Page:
Personnel: Kurtis Blow (rap vocals); Adam White, David Reeves (spoken vocals); Denzil Miller (guitar, piano, Clavinet); J.B. Moore (guitar, Fender Rhodes); Eddie Martinez, Dean Swenson, John Tropea (guitar); Onaje Allan Gumbs (Hammond B-3 organ, keyboards); Robert Kondor (synthesizer, programming); Craig Short, Tommy Wouk, Richard Pascal (bass); Jimmy Bralower (drums, tom toms); Jamie Delgado (congas, timbales); William Waring, Larry Smith, Wayne Garfield, Rocky Ford (background vocals).
All tracks have been digitally remastered from the original master tapes using 20-bit technology.
Personnel: Kurtis Blow (rap vocals); David Reeves, Adam White (spoken vocals); Denzil Miller (guitar, piano, Clavinet, keyboards); Robert Kondor (synthesizer, programming); Craig Short, Richard Pascal, Tommy Wouk (bass guitar); Jimmy Bralower (drums, tom tom, unknown instrument); Jamie Delgado (congas, timbales); Rocky Ford (background vocals); J.B. Moore (guitar, Fender Rhodes piano); Eddie Martinez, Dean Swenson, John Tropea (guitar); Onaje Allan Gumbs (keyboards); William Waring, Wayne Garfield, Larry Smith (background vocals).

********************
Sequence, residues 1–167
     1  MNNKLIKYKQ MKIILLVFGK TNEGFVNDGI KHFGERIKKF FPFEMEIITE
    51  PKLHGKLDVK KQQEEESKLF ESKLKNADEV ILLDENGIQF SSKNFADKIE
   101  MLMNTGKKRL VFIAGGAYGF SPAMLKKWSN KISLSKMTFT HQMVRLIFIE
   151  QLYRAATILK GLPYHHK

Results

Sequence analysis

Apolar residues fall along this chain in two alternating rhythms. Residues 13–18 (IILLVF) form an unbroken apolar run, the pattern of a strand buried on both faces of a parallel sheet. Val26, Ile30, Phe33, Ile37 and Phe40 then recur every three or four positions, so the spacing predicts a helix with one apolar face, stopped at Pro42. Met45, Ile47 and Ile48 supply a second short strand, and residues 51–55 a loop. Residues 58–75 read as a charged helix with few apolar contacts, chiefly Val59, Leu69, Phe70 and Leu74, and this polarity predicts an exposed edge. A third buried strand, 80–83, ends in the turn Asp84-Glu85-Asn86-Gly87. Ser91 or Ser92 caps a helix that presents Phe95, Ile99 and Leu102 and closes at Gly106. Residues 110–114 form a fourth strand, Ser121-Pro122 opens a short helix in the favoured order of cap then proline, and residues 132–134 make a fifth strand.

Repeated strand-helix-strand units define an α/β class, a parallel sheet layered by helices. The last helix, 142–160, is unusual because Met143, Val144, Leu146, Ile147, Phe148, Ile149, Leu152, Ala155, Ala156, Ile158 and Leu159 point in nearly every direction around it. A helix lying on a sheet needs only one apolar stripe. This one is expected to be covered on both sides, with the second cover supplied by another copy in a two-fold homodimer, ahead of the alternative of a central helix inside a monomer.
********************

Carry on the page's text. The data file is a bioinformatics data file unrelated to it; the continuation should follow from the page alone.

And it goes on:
Recording information: Greene Street Recording Studios.
Introduction by: Adam White.
Unknown Contributor Roles: Kurtis Blow; Roger Trilling; Kevin Pinnock; Gayle Stewart; Sheila Spencer; Vincent Davis ; Esther Wooten; Jerome Mack; Sudana Bobatoon; Sandy Williams ; Patricia Johnston.
Arrangers: J.B. Moore; Larry Smith .
With his defiant, starkly pronounced vocal flow and tersely insightful lyrics, Kurtis Blow could almost be called rap's first breakout solo artist. From its initial exhortation to "clap your hands everybody," its implicit call to chant the chorus, and its simple yet undeniably inviting guitar riff and conga drum madness, along with Sugarhill Gang's "Rapper's Delight" Blow's landmark single "The Breaks" helped introduce this rapidly growing underground style to a larger nation of souls who wanted to dance the night away.
However Kurtis Blow wasn't just 'The Breaks"; KURTIS BLOW, the eponymous album fashioned around the hit, contains track after track of early hip-hop splendor. The introduction "Rappin' Blow (Part 2)" is the perfect showcase for his deceptively simple and engaging rhyming style. Despite Blow's general association with party songs, heady notions aren't ignored, such as "Hard Times," a smoothed-out inspirational jam about overcoming obstacles. Keep an eye out also for "All I Want in This World," where he actually croons rather ably on perhaps the original rapper's love ode.